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Satī

Satī. The wife of Śiva who committed suicide when her father insulted Śiva.

The term (anglicized as ‘suttee’) was used for the self-immolation of Hindu widows, either by joining the dead husband on his funeral pyre, or by committing suicide later on a pyre lit by embers from that pyre. Not even pregnancy could save a woman from this fate; the ceremony was merely postponed until two months after her child's birth. The custom continues, but infrequently and illegally.

Hindu law books of the 1st and 2nd cents. CE see the act as gaining spiritual merit; 400 years later it was considered that for a woman to survive her husband was sinful.

It is unlikely that many widows went voluntarily to the flames, though it is certain that some did. Many were forcibly burnt; even sons would be deaf to their mothers' pleas, in order to protect family honour.

Not until 1829, under Lord Bentinck's Regulation, did satī become legally homicide, after pressure was brought to bear on the British authorities by Christian missionaries and Hindu reformers, notably Rām Mohan Roy.

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Sati

Sati

In Hindu mythology, Sati was the daughter of Daksha, son of the Hindu creator god Brahma. Sati was in love with Shiva, god of destruction, but her father forbade her to have anything to do with him. Her father's objections eventually led Sati to her death.

To find a husband for his daughter, Daksha held a gathering of the gods. Sati was to throw a bouquet of flowers into the air and marry the one who caught it. The only god not invited was Shiva. However, Sati prayed to Shiva, who appeared at the gathering and caught the flowers. Enraged, Daksha had to permit the two to marry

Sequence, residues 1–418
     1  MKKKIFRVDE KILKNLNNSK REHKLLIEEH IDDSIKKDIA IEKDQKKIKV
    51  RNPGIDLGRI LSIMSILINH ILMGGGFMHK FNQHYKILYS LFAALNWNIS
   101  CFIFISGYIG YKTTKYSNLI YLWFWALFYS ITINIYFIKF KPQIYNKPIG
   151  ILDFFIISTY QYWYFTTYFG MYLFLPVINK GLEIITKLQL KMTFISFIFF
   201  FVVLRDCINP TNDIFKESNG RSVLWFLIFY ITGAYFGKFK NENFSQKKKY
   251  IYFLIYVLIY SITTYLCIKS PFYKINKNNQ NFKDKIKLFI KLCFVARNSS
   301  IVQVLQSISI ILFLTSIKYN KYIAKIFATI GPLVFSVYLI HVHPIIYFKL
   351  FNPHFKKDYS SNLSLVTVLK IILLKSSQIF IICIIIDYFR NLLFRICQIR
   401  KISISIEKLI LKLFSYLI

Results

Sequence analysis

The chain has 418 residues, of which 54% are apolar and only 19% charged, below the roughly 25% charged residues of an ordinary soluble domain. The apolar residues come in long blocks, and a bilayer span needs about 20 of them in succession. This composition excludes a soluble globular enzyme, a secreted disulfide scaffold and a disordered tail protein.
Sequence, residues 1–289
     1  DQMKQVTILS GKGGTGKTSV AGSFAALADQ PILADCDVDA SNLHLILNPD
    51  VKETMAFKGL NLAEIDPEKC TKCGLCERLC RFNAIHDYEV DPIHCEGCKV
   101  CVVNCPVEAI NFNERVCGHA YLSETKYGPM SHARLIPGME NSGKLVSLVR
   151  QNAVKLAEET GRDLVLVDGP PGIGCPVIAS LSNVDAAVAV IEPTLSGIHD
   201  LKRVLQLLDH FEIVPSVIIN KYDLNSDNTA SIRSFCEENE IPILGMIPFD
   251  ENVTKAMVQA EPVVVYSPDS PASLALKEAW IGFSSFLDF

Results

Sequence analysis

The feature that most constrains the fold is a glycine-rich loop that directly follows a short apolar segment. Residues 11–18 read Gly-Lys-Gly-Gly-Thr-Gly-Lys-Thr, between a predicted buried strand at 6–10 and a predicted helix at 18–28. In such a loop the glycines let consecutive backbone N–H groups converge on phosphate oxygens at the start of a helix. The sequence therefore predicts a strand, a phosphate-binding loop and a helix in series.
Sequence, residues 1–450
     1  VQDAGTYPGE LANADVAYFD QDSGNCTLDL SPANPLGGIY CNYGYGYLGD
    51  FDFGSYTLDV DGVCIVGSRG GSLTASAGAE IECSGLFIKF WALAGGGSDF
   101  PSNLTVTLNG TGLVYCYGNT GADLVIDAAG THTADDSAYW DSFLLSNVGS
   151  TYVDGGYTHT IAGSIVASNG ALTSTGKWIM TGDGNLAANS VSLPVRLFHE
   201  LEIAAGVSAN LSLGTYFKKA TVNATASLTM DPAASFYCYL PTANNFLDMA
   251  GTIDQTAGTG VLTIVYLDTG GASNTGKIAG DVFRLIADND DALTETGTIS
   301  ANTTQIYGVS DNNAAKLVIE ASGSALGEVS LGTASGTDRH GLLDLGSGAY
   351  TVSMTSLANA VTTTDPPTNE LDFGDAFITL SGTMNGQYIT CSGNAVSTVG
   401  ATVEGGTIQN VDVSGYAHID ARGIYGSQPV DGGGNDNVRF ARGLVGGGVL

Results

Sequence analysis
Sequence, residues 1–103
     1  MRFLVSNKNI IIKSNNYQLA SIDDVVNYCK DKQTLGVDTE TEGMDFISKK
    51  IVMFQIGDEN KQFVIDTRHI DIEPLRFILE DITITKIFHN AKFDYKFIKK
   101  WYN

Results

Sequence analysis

pyre pile of wood on which a dead body is burned in a funeral ceremony

After Sati's wedding, her father planned a ceremony involving a sacrifice, and again he invited all the gods except Shiva. Unable to persuade her father to invite her husband, Sati threw herself into the sacrificial fire and burned to death. Shiva, overcome by grief, took Sati's body from the flames and began to dance with it. His violent dance threatened to destroy the entire universe. Finally, the god Vishnu* cut Sati's body into pieces, and Shiva ended his dance. According to some versions of the story, Vishnu later brought Sati back to life. The legend of Sati leaping into the fire is sometimes used to explain the Indian tradition of suttee, in which a widow throws herself onto her dead husband's funeral pyre.

See also Brahma; Hinduism and Mythology; Shiva; Vishnu.

* See Names and Places at the end of this volume for further information.

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Sati

Sati (Pāli) or smṛti (Skt., ‘mindfulness’). A form of mental application which lies at the very heart of Buddhist meditational practice, whose object is awareness, lucidity, true recognition. It is concerned with the bare registering of the objects of our senses and minds as they are presented to us in our experience, without reacting to them in terms of the behaviour of the ego—i.e. in terms of our likes and dislikes, passions and prejudices. Only then can the true nature of things become illumined.

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Sati

Sa·ti / ˌsəˈtē; ˈsəˌtē/ Hinduism the wife of Shiva, reborn as Parvati. According to some accounts, she died by throwing herself into the sacred fire.

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Sati

Sati in Hinduism, the wife of Shiva, reborn as Parvati. According to some accounts, she died by throwing herself into the sacred fire, giving rise to the custom of suttee.

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sati

sa·ti • n. variant spelling of suttee.

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